Posted 4 months ago


It started with a phone call from my rep. The owner picked up the phone in a grumpy voice. The owner said he would be open to selling his 28-unit apartment for $48k per unit. Most apartment properties in the market are trading for $75-115k. The owner elaborated that his parents built the property in the 70s and he has been managing the property for most of his life. He says the rents are at $500. Based on my high-level research, I thought we could push rents to $700. So my mouth was watering. When I talked to the owner myself, he said he was tired of dealing with tenants as he is 67 years old, so my eyes were just lighting up.

However, when I did my research, I found that the submarket only has 11k people and has grown by 400 in the last 10 years. Residents in this market commute 22 minutes on average to work, but it takes 35 minutes to get to the main city of my market. On Costar, in 2021, while the market on a macro level was seeing 8% rent increases in this submarket only, it grew by 2%. The median income was $10-15k lower than the median income in the city as a whole. I posted on forums and talked to locals and other investors and they said there is little growth in this market and the feedback I got from locals was not positive. The biggest employers in this submarket were a hotel, Walmart, a hospital, and small stores. I found that 39.9% of the people who live in the submarket also work there. I cold-called other apartment owners in the area. They all said they subsidize half of their units to make deals work.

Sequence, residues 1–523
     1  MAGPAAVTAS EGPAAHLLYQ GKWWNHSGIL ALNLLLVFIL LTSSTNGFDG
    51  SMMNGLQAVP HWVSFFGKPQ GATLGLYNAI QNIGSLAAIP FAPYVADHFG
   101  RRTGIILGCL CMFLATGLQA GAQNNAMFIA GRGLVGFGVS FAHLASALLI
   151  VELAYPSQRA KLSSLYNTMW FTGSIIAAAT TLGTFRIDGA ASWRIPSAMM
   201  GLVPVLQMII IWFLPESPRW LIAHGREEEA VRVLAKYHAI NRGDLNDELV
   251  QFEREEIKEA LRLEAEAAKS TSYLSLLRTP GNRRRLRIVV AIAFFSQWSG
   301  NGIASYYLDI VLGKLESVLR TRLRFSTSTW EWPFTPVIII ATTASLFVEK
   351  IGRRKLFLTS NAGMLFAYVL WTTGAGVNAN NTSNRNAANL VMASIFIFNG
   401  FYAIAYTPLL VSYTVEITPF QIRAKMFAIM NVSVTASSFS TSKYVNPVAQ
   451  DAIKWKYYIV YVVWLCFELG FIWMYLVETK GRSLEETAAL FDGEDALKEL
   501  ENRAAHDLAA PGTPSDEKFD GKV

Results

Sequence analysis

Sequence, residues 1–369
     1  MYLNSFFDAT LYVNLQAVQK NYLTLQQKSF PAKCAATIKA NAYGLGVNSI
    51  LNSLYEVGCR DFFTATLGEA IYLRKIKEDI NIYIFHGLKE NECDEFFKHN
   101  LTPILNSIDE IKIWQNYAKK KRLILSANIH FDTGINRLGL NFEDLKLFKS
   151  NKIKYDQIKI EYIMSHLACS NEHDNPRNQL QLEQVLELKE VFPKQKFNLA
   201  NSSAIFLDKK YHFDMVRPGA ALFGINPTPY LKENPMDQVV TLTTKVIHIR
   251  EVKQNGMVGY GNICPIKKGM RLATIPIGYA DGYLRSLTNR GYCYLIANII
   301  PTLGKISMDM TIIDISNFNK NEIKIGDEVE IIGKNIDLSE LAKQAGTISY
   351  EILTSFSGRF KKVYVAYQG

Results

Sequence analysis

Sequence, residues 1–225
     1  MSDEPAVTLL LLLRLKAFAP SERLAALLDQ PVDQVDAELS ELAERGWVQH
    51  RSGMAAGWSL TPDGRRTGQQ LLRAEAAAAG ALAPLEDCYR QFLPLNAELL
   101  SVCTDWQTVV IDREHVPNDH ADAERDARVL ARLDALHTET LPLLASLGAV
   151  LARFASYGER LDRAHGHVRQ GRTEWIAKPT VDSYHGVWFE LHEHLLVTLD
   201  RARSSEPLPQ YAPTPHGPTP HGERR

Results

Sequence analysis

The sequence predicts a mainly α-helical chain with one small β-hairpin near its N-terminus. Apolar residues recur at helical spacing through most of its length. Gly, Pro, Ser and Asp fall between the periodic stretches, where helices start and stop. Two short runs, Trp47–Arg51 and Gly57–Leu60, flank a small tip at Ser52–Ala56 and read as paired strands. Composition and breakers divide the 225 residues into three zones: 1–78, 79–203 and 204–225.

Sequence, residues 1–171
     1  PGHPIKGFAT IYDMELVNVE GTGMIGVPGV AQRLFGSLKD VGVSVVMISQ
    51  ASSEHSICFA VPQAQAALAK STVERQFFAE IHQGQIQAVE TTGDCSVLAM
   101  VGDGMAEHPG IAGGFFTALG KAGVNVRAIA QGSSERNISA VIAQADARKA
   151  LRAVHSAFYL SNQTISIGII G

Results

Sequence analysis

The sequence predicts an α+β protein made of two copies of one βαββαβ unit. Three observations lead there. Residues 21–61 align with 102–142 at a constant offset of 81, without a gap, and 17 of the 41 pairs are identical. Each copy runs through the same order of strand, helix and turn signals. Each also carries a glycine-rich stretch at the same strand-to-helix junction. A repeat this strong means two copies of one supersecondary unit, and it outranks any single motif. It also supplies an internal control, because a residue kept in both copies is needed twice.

Considering all the factors mentioned above, I did not feel the local economy was strong enough for me to invest in it. So I walked away from the deal. I learned that just because a neighborhood is a B/C+ does not automatically mean it’s strong economically. I felt comfortable walking away because I knew that no deal is better than a bad deal. And a good deal is just around the corner.